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  Anti-inflammatory effects of glucocorticoids on immune cell metabolism

   Institute of Inflammation and Ageing

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  Prof A Clark, Dr Sally Clayton, Dr M Kurowska-Stolarska  No more applications being accepted  Funded PhD Project (UK Students Only)

About the Project

Research interests/description of main research theme:

Glucocorticoids (GCs) inhibit pro-inflammatory functions of many immune cells that contribute to chronic immune-mediated inflammatory diseases such as rheumatoid arthritis (RA) [1]. For more than seventy years they have been extensively used to treat RA and many other inflammatory diseases. In fact many RA patients remain dependent on GCs for long term management of their symptoms, despite the fact that GCs can cause numerous harmful side effects via disruption of metabolic equilibrium [2]. This PhD project will explore a novel mechanism that contributes to the anti-inflammatory actions of GCs, with the aim to discover whether beneficial and harmful effects of these important and perplexing compounds can be separated.

The relatively new field of Immunometabolism is based on the concept that immune cells must adapt their metabolic activities in order to mount effective responses to challenge [3]. Metabolic adaptations include changes in mitochondrial functions and in the utilisation of glucose and other fuels. We have found that GCs oppose metabolic adaptations that underpin the inflammatory responses of macrophages and other immune cells. We do not yet understand the molecular mechanisms responsible for this effect; the full extent of the consequences for immune cells; or the extent to which similar changes happen in patients whose inflammatory conditions are treated with GCs.

The student will use a variety of state-of-the-art molecular biological and biochemical methods to investigate metabolic and inflammatory activities of macrophages and other immune cells. They will also use cutting edge single cell RNA sequencing methods to investigate changes of gene expression in the joint tissues of rheumatoid arthritis patients following treatment with GCs. These methods are fully established in the labs of the two principal supervisors, Andy Clark (Birmingham) and Mariola Kurowska-Stolarska (Glasgow) [4]. Finally, the student will have the opportunity to develop skills in Patient and Public Involvement (PPI), which are critical for anyone wishing to undertake a career in biomedical research. It is expected that the outputs of this research will shed light on the balance between harmful and beneficial actions of GCs, and result in at least one high impact publication.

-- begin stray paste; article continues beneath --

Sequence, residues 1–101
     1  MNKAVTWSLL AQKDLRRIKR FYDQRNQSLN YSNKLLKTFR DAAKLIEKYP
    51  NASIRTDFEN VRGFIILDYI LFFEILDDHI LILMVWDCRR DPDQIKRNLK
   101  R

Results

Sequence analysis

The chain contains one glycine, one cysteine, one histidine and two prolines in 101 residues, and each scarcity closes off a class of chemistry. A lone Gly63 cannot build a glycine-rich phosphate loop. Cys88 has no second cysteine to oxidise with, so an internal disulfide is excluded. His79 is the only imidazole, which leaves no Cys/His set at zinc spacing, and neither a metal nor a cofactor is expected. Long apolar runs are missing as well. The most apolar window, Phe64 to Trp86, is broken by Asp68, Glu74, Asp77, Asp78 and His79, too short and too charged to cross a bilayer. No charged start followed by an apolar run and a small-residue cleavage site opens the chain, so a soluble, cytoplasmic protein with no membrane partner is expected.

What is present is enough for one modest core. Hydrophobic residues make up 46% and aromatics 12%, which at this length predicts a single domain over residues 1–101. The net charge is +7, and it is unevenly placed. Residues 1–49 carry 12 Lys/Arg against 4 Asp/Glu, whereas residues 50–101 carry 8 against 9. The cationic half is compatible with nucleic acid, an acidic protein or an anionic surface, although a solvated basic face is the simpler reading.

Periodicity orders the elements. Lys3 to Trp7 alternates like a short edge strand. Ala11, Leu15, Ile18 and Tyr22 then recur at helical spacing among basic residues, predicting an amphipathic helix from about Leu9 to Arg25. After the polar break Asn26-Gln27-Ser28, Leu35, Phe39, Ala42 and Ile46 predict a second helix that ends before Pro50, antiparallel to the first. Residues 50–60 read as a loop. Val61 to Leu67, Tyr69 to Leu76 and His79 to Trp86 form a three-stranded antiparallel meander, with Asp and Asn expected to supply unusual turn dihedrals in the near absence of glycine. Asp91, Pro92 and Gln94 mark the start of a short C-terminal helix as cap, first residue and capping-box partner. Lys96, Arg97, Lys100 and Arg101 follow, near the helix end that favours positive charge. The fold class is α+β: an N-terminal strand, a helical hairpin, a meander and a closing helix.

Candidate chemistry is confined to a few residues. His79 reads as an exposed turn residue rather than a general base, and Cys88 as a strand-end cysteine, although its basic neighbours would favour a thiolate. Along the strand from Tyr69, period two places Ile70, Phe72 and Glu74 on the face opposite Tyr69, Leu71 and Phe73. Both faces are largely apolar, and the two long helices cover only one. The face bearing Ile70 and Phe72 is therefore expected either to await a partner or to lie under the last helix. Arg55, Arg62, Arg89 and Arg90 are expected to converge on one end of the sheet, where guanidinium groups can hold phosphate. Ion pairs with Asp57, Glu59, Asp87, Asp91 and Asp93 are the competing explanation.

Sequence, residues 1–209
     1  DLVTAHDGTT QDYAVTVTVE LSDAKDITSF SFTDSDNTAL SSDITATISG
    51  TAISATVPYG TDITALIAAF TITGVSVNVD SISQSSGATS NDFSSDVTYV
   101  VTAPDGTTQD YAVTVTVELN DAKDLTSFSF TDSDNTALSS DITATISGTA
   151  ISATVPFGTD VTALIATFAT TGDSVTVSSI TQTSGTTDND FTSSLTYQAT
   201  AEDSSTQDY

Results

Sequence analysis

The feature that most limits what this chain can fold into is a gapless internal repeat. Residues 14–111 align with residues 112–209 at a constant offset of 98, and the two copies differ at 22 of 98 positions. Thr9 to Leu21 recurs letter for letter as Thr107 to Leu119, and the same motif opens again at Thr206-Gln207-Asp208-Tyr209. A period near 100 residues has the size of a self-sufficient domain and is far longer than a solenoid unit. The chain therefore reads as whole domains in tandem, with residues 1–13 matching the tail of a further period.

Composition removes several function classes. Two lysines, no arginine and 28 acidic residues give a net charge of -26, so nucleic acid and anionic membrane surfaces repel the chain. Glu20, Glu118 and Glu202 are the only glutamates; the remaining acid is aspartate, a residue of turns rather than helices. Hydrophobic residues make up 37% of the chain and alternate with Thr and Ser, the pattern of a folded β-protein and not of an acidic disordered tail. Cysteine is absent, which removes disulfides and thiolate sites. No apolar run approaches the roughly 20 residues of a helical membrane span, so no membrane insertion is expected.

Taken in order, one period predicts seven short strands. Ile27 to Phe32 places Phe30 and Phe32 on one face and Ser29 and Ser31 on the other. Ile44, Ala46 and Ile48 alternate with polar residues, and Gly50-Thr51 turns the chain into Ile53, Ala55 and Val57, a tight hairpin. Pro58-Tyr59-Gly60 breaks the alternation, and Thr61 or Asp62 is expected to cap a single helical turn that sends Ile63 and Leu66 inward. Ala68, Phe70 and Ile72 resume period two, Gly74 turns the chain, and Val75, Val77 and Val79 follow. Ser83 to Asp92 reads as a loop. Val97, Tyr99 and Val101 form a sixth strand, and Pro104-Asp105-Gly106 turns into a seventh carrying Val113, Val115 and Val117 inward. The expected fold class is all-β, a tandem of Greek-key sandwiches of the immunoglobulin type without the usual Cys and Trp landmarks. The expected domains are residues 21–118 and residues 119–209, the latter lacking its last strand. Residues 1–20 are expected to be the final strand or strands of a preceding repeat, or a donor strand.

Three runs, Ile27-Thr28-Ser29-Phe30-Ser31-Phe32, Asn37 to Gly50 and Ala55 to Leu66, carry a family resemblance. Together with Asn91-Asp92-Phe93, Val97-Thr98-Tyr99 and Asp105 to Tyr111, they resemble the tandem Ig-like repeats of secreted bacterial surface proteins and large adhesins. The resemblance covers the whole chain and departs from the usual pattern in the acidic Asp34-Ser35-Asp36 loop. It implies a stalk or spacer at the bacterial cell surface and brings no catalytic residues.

This is a four year PhD studentship funded by Versus Arthritis via RACE2 (Research into Inflammatory Arthritis Centre Versus Arthritis), a Centre of Excellence that brings together researchers from the Universities of Birmingham, Glasgow, Newcastle and Oxford.

Person Specification

Applicants should have a strong background in Biological Sciences, and ideally a background in Immunology or Bio-informatics. They should have a commitment to research in inflammatory disease and hold or realistically expect to obtain at least an Upper Second Class Honours Degree in a relevant subject. 

How to apply

Informal enquiries should be directed to Prof. Andy Clark ([Email Address Removed])

To apply, please send: 

• A detailed CV, including your nationality and country of birth;

• Names and addresses of two referees; 

• A covering letter highlighting your research experience/capabilities;

• Copies of your degree certificates with transcripts;

• Evidence of your proficiency in the English language, if applicable.

Biological Sciences (4)

Funding Notes

Support includes an annual stipend at RCUK rates for 4 years, PhD registration fees at UK student rate, research expenses and travel costs.


1. Cain, D. W., and J. A. Cidlowski. 2017. Immune regulation by glucocorticoids. Nat Rev Immunol 17: 233-247.
2. Buttgereit, F. 2020. Views on glucocorticoid therapy in rheumatology: the age of convergence. Nat Rev Rheumatol 16: 239-246.
3. O'Neill, L. A., R. J. Kishton, and J. Rathmell. 2016. A guide to immunometabolism for immunologists. Nat Rev Immunol 16: 553-565
4. Alivernini, S., MacDonald, L., Elmesmari, A., Finlay, S., Tolusso, B., Gigante M.R. et al. 2020. Distinct synovial tissue macrophage subsets regulate inflammation and remission in rheumatoid arthritis. Nat Med 26: 1295-1306

Where will I study?

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